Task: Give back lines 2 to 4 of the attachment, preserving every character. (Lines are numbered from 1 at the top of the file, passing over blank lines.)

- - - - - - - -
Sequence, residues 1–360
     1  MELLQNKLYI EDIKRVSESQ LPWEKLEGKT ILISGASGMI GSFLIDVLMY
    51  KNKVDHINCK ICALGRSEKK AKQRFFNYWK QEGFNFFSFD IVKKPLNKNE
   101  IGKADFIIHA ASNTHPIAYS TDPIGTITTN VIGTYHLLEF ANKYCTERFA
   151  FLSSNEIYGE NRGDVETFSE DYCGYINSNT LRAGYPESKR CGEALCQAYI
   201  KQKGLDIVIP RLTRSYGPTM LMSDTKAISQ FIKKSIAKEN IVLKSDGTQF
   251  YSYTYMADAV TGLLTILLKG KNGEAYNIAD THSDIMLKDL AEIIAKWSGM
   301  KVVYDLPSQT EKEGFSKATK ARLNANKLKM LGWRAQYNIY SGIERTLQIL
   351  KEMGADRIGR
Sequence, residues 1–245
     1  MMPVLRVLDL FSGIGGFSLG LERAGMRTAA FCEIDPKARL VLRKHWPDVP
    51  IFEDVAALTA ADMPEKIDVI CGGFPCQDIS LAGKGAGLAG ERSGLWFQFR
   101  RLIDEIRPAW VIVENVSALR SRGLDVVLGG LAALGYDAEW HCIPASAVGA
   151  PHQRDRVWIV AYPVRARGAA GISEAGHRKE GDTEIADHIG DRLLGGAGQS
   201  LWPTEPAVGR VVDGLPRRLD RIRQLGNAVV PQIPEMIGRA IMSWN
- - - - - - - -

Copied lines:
     1  MELLQNKLYI EDIKRVSESQ LPWEKLEGKT ILISGASGMI GSFLIDVLMY
    51  KNKVDHINCK ICALGRSEKK AKQRFFNYWK QEGFNFFSFD IVKKPLNKNE
   101  IGKADFIIHA ASNTHPIAYS TDPIGTITTN VIGTYHLLEF ANKYCTERFA